It seems as if we’re getting a documentary related to the fashion world about once every other week these days. The truth is, I’m truly enjoying the immersion into a world I know nothing about. If you watch enough of these films in a short period of time, you’ll start to see various designers, fashion writers, models and other cultural icons in each other’s documentaries. It forms a more complete sense of what the industry was like over a period of decades, who influenced whom, and what movements and trends influenced each other.
Plus, who doesn’t want to watch a bunch of docs about something you don’t know a lot about? I’m all for funneling in as much new knowledge as I can handle, even if it’s about something as frequently baffling and vapid as fashion. Nothing that I’ve seen in the last couple of years has made as much of an effort to dive into the psychological state of its subject like McQueen.
Known for frequently using skull images on his clothes and fashion shows that were more like aggressive, sometimes repulsive, performance art, Alexander McQueen began from fairly humble British, working-class roots, spending much of his younger years as a chubby kid who had a gift for design, one that was encouraged and supported by mentor Isabella Blow. Even at a young age, his skills at cutting material and tailoring were admired, making it somewhat easy for him to work his way into and up within the fashion houses of London and, impressively, to art school. But it was his sources of inspiration that were the standout features of his earliest original designs, pulling motifs from the likes of Jack the Ripper, and holding runway shows with names like “Highland Rape.” It’s a good thing McQueen subscribed to the adage that there’s no such thing as bad press.
Using interviews with many of his closest friends, business partners, and family members, as well as an impressive array of archival footage of McQueen at work and being interviewed (as evidenced in the film, he was one of the most accessible designers of his generation, with a veritable treasure trove of footage for the filmmakers to choose from), first-time feature director Ian Bonhôte and co-director Peter Ettedgui use the shocking scenes of his runway shows to make connections to some of the inner demons McQueen dealt with most of his life.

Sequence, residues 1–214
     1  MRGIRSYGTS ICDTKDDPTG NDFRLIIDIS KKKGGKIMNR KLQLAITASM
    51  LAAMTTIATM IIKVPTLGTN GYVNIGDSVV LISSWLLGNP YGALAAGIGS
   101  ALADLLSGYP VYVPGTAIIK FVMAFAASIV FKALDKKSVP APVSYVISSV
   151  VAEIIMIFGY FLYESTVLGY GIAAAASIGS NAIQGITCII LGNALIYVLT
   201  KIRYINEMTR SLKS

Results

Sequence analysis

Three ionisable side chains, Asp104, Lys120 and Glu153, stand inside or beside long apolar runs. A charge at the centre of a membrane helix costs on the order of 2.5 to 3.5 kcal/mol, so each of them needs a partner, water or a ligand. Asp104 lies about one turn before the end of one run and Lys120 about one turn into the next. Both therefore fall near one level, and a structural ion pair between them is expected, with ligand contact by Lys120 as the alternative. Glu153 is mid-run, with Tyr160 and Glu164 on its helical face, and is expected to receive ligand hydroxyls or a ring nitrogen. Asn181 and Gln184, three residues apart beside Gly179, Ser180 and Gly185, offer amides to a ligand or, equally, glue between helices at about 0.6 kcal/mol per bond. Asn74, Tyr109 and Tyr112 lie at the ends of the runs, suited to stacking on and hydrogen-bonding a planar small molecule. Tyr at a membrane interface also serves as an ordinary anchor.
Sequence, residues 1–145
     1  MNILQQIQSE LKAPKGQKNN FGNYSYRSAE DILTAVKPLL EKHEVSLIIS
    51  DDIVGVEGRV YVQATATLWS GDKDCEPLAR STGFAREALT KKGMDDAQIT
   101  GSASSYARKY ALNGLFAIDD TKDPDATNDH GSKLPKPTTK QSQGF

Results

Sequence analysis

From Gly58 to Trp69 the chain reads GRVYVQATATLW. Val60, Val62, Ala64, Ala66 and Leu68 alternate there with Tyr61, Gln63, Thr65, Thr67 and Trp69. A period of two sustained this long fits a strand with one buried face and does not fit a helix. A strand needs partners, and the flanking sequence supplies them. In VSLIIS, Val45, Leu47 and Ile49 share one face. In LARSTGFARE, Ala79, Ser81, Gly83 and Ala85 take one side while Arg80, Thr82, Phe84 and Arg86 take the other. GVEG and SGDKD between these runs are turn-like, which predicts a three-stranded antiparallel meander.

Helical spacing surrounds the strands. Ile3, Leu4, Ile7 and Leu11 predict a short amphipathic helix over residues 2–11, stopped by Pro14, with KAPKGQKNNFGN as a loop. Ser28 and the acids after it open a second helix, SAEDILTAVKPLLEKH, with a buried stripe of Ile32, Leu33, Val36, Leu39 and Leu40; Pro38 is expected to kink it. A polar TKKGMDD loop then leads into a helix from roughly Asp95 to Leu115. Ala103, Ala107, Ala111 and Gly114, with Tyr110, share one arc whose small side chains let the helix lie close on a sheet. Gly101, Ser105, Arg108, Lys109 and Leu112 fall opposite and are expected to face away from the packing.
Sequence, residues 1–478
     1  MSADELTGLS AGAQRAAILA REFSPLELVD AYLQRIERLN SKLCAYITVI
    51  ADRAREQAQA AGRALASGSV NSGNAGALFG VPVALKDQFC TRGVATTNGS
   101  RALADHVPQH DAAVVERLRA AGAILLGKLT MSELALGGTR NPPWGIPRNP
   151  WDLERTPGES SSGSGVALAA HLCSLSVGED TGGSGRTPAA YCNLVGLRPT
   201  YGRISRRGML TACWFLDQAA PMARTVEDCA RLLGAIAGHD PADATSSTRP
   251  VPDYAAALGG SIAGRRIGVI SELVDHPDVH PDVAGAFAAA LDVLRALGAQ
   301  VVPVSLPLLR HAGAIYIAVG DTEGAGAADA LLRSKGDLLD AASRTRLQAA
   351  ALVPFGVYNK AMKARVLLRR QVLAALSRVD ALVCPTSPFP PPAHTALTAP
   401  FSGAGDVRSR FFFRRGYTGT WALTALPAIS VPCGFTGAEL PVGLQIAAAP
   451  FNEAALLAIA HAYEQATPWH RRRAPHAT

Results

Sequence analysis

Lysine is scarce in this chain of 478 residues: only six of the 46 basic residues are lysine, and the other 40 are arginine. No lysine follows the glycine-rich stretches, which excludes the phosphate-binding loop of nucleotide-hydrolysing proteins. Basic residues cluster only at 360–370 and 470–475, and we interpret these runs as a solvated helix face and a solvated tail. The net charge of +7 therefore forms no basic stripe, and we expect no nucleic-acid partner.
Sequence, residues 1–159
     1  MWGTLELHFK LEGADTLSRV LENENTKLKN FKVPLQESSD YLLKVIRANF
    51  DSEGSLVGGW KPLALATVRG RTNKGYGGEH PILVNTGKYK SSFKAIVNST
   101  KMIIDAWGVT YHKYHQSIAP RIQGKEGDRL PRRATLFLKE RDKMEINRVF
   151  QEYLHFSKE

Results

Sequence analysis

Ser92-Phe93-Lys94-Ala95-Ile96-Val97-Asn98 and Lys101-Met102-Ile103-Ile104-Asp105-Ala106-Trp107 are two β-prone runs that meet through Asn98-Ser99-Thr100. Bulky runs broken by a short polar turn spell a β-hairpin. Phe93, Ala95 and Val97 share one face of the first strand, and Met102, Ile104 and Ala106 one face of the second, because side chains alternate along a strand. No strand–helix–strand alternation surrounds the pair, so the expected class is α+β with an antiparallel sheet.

It’s interesting to see how, when he became chief designer of the fashion house Givenchy in Paris, he worked under a banner other than his own name, and his works became much more mainstream but still quite stunning. But for the portion of the year he worked fully under the McQueen name, everything from his design sketches to the final chaotic show were like a form of therapy or even an exorcism.
One of the many nice touches from the filmmakers is the inclusion of a new, hefty and powerful score by Michael Nyman, who had collaborated with McQueen before the designer’s death by suicide in 2010. McQueen makes the case quite convincingly that its subject changed the face and the possibilities of fashion, by making it personal as well as stylish. He was a classic overachiever, working tirelessly to create line after line for various houses, and personally approving things every step of the way, from the production of his garments to the business end of things.
If you’re on the fence about whether fashion should be considered art, McQueen—the film and the man—makes a strong case that you’d be foolish not to.
The film opens today at the Landmark Century Center Cinema.
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